Giving You the Freedom to Live Safely in Your Home
Barrier-free living is adapting your home to be fully accessible to you. That is, making it free of barriers that may lead to injury or keep you from enjoying your home and aging with independence.
What Barrier-Free Looks Like
Barrier-free living requires applying barrier-free design to your home. It’s an approach that removes or replaces things in your home that keep you from using it as intended. Barrier-free design may include applying technology to your home, minor or major construction to certain areas of the home’s interior or exterior, even making changes to the interior design.
Smarthome technology– Makes turning electronics and home environment systems (heating and cooling) on and off easier by using your voice, or smartphone, tablet, or computer
Adding brighter lights– Improves visibility
Ramps– Gives wheelchair access into and out of the home
Chair lifts– Allows you to move from one level of the home to another without having to use stairs
Lowering work areas and lightswitches– Brings counters and switches to an accessible level for the wheelchair-bound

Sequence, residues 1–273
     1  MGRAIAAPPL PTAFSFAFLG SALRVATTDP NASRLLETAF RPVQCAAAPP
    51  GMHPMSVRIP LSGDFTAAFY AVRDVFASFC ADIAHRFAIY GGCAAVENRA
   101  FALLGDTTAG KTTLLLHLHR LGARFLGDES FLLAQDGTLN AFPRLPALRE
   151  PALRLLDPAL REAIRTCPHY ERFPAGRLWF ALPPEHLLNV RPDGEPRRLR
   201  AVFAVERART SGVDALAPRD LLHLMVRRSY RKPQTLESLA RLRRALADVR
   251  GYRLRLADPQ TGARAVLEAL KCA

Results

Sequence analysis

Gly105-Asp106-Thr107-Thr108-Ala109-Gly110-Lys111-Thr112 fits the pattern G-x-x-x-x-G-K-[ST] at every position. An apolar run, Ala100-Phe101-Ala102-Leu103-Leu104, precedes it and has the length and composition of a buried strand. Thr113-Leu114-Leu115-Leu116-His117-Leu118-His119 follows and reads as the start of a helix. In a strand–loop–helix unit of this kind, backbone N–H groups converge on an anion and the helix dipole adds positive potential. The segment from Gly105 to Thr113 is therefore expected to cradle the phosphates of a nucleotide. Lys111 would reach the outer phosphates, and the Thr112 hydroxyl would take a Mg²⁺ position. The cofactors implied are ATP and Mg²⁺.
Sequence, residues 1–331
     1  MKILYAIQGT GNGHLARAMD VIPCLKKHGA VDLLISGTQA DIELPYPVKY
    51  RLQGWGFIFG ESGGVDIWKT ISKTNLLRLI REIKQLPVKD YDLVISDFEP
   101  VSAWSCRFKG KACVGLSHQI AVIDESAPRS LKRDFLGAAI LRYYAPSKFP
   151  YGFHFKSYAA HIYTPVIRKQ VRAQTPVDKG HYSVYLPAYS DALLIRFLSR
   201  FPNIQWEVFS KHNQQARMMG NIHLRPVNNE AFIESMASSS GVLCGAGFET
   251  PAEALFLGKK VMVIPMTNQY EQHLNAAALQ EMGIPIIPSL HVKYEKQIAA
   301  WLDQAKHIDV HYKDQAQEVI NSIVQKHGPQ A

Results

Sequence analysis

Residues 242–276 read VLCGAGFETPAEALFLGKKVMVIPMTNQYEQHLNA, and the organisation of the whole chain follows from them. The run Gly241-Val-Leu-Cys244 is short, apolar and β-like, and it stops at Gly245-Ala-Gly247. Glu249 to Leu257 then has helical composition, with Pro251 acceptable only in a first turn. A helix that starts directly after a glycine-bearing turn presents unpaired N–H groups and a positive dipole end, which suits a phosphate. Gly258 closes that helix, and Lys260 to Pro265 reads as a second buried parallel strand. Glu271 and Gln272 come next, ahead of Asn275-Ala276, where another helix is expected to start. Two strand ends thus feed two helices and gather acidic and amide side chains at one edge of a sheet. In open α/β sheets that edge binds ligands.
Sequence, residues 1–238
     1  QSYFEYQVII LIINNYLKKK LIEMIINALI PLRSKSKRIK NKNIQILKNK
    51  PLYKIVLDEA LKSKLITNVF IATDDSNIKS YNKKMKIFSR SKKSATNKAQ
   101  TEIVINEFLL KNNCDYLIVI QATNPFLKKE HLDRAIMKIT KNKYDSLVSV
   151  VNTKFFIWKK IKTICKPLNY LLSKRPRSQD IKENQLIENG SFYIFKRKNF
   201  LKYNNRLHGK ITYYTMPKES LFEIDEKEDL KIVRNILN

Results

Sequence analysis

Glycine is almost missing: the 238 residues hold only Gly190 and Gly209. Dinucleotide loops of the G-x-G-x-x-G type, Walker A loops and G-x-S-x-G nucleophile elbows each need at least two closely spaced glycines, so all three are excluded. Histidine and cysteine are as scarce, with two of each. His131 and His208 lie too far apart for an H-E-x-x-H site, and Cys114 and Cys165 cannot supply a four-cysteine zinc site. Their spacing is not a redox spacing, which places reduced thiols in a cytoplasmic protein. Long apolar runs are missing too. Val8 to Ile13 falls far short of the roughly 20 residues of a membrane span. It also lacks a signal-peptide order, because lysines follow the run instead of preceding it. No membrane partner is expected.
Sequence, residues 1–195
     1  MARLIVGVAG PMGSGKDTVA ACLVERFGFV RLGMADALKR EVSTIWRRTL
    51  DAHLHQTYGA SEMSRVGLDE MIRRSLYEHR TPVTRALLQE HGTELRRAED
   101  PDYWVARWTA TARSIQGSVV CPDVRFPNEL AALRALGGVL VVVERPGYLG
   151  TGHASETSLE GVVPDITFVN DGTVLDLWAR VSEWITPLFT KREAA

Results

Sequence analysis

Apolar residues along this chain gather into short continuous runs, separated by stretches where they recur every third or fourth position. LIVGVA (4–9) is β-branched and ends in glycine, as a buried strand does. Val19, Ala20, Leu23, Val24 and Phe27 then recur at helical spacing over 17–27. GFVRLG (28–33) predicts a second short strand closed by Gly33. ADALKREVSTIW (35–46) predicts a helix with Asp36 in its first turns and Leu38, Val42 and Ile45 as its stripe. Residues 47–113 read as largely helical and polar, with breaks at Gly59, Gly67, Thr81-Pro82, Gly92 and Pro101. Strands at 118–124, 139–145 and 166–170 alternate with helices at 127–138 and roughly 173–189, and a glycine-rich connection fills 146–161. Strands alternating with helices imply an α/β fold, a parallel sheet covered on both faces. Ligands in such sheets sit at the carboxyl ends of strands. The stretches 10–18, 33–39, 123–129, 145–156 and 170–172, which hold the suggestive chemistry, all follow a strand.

Railings– Sturdy railings along all steps or stairs, and in commonly wet areas like bathrooms and laundry rooms to reduce the risk of falling
Widening hallways and doors– Allows easier access throughout the house when using a wheelchair, walker or cane
Removing or shifting furniture– Opens up space in rooms and can put items like lamps within reach
Benefits of a Barrier-Free Home
Safety is the foremost reason for adapting your home to be barrier-free. According to the National Council on Aging, falls are the leading cause of fatal and non-fatal injuries for adults 50+. In fact, one in four Americans over the age of 65 falls each year. When you reduce the barriers, you reduce the risk.
Living barrier-free allows you to stay in your current home and age-in-place. By making the appropriate additions or remodels, you may not have to consider a senior housing option or go through the process of selling the place you’ve called “home” for so long.
Universal design was adapted from the barrier-free concept. The difference is that universal design constructs a home from the outset to be fully accessible for everyone regardless of age, capabilities, or disabilities with a focus on aesthetics. If adapting your home to be barrier-free is not a task you wish to take on, buying a home made with universal design is an option. Your SRES® will assist you with finding the right universally designed home to meet your needs and budget as well as helping you sell your current home.